Holding on to Romantic Love
To see a world in a grain of sand,
And a heaven in a wild flower,
Hold infinity in the palm of your hand,
And eternity in an hour.
William Blake, Auguries of Innocence
Recently I spoke to a woman who has been married for 25 years. She has a lovely family, grandchildren, friends and a strong community. But she wondered about her marriage. She and her husband have a comfortable relationship, but there was little passion or romance. Thinking aloud, she pondered-- “I wonder if after all of these years, he would say he loved me?”
I am reminded of Tevye in “Fiddler on the Roof” who had an arranged marriage with his wife, Golde. He asks her “Do you love me?” She responds—“For twenty-five years I've washed your clothes, cooked your meals, cleaned your house, given you children, milked the cow, after twenty-five years, why talk about love right now?”
Why?--because romantic love is a basic element of a full adult life.
I have heard many adults who have been in a long-term relationship question how much passion and romance they should expect. “All my friends tell me that their relationship becomes more about comfort, companionship, and familiarity over time and less about romance and intimacy,” notes a woman who has been married for 10 years.
Throughout recorded history, artists, philosophers, theologians, and scholars have attempted to describe romantic love. What is it? How do we know if we have it? How does it ebb and flow throughout a long-term relationship? How can we separate it’s distinct colors and textures over time? How is it different from other kinds of love? How do we nurture romantic love? How do we find it with another person? How do we know if we have lost it? How do we know if we have found it? What should we expect?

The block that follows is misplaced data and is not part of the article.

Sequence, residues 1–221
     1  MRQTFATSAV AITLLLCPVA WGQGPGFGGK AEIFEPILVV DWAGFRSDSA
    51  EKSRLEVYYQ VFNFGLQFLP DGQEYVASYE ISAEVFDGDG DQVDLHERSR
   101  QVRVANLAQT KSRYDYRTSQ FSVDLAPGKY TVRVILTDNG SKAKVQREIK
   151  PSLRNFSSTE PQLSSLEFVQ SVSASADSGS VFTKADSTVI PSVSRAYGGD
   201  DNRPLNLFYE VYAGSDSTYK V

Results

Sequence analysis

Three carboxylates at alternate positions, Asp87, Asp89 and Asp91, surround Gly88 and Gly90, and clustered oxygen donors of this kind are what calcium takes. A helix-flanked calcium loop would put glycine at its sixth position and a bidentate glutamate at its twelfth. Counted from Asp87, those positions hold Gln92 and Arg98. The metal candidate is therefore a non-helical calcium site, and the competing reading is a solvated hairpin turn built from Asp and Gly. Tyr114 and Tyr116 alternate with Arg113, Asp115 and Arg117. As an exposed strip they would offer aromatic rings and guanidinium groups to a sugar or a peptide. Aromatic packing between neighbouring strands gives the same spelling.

Despite our confusion about this experience, and our difficulty in defining it, all of us want romantic love! The search for love begins in adolescence. The desire for a long-term, loving, and romantic relationships runs deep into the very core of our being.
Swans, barn owls, sand hill cranes, (and yes, termites too!), mate for life. But, surely they cannot fathom love.
I feel very fortunate. I have been with my mate for 39 years (Wow! Am I really that old?)—and we still have a close, romantic, live connection. The chemistry we had almost 4 decades ago is still alive today! So I know that it is possible, although it is difficult to pinpoint exactly what keeps those atoms colliding.
My definition--Romantic love is that sense of connection, chemistry, and closeness that brings warmth and touch. But it is also contains the deep desire to be a source of happiness for your loved one. It is not just about intimacy. I want to be a cause of happiness for my wife. Both of these conditions are important!
Life is change. Nothing stays the same. Over the long haul, our connections ebb and flow, like the tide and the seasons. There will be periods of intense involvements with others—most commonly children and possibly parents. There may be periods of immersion in work and career. During these times, our connection with our loved one may be more distant. But, when there is romantic love, we find our way back to each other because we know that is where we truly live. We know that is where we want to be. We seek each other out.
The fulfillment of romantic love is our birthright. This is why we yearn for it.
Here are a few things I do know for sure…
Romantic love must be nurtured. When we first meet our loved one, there is often passion, chemistry and infatuation. We are discovering each other. But over time, we come to know each other and we become more familiar. This is both good and bad. Romantic love, like a garden, must be watered and weeded.
Never take your loved one for granted! This can happen! Don’t let it! Consider that every day when you wake up in the morning your loved one and you are renewing your vows.
Be a source of happiness for your loved one. When both partners are a cause of happiness for each other—there is much more happiness and love in your relationship!
Do you have romantic love? Share your experience!